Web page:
MDCT scanners for coronary imaging utilize a minimum of 16 slice, and now 64 – 320 slice scanners are widely used to get excellent, high-resolution images of the heart and the coronary arteries (Rao and Thompson, 2011). The coronary CT angiogram (CCTA) requires adequate patient preparation and co-operation for good image acquisition. Beta-blockers are routinely given to slow the heart rate in order to eliminate or reduce artefact from motion of the coronary arteries. Temporal resolution is an important limitation and is determined by the speed of the X-ray gantry. MDCT scanners improve this temporal resolution by acquiring a full CT slice in only half a rotation. Images are most commonly acquired using prospective gating and only during diastole (for example at 70-80% of the R-R interval) in order to reduce the radiation dosage. The maximum spatial resolution of MSCT is 0.4 mm, and is determined by the size of the picture elements of the CT detector. Smaller coronary segments frequently are not evaluable with CTA and coronary CTA may be unable to distinguish moderate from severe flow limiting stenosis, because of these limitations of resolution (Rao and Thompson, 2011).
There is a correlation between the amount of calcium present in coronary arteries with the severity of coronary artery disease and thus the likelihood of a cardiac event for example coronary atherosclerosis. Calcium scoring of coronary arteries can be performed with Non-contrast MDCT using either prospective or retrospective electrocardiographic gating. The images thus obtained are then evaluated by software that enables the detection of calcium within the vessels and its volume. A score is then generated that is used to grade the severity of calcification. Since this technique is easily reproducible, it can be repeated to assess temporal regression or progression depending on whether or not the patient is put on appropriate therapy (Aggarwal et al., 2002).
MDCT virtual bronchoscopy is used for non-invasive endoluminal assessment of central airways stenosis. MDCT, unlike single detector CT has the advantage of providing high resolution multiplanar reformatted images because of its high z-axis resolution. Virtual bronchoscopy produces a three-dimensional fly-through view of the tracheobronchial tree from CT data. It takes advantage of the natural contrast between the air-containing lumen and the surrounding tissues. The specific advantage of using virtual bronchoscopy to grade stenosis is that the perspective of the endoluminal view, unlike that in orthoplanar images, stays within the axis of the airway, allowing reliable semiquantitative assessment of tracheobronchial stenosis (Hoppe et al., 2002).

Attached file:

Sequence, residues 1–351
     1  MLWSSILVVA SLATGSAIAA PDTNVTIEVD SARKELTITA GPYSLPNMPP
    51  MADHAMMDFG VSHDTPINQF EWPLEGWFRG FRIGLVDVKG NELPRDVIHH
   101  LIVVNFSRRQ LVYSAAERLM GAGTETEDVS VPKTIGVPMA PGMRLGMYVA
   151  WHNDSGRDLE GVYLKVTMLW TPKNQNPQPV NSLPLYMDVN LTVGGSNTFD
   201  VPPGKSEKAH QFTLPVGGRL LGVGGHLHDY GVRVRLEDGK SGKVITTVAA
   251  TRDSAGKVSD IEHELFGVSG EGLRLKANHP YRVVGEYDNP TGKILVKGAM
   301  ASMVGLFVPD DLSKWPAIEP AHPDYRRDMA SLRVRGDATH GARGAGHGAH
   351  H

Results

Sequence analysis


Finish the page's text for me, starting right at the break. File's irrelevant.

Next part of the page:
The CT examinations can be performed on a MDCT scanner with collimation, 4? 2mm; pitch, 1.375 (corresponding to manufacturers pitch of 5.5); rotation time, 0.75 sec; 120 kVp; and 100180 mAs. Acquisition time can be roughly 30 sec to allow completion of the acquisition during a single breath-hold. The thorax is scanned during inspiration in a caudo-cranial direction after power injection of 80 mL (flow rate, 2 mL/sec; scan delay, 30 sec) of IV contrast medium containing 300 mg I/mL. The reconstruction intervals and slice thickness are 2 mm.
The basis of CT perfusion imaging is the tracking of a single injected bolus of iodinated contrast material through the cerebral circulation via sequential spiral CT scanning. Using this technique, the following parameters are measured: cerebral blood flow (CBF), cerebral blood volume (CBV), time to peak (TTP), and mean transit time (MTT). CBF is measured in mL of blood per 100 g of parenchyma per minute (normal: 50 mL/100 g/min), whereas CBV is measured in mL of blood per 100 g of parenchyma (normal: 5 mL/100 g) , . MTT is a measurement of the mean time for blood to travel through a given volume of brain, thereby reflecting the amount of time it takes for the bolus of contrast material to pass from the arterial to the venous circulation. TTP is the delay between the first arrival of contrast material intracranially and the time at which the contrast reaches its peak concentration in a given region of parenchyma. Using these parameters, one can utilize hemodynamic differences to assess the intracranial vascular physiology. In cases of normal intracranial perfusion, there is symmetry of all CTP parameters, with CBV and CBF being higher in gray matter than white matter secondary to normal hemodynamic differences between these tissues. In this way, CTP is a form of physiologic imaging, representing active cerebrovascular physiology, rather than just its result e.g., hypo density on a CT scan, reflecting a completed infarct.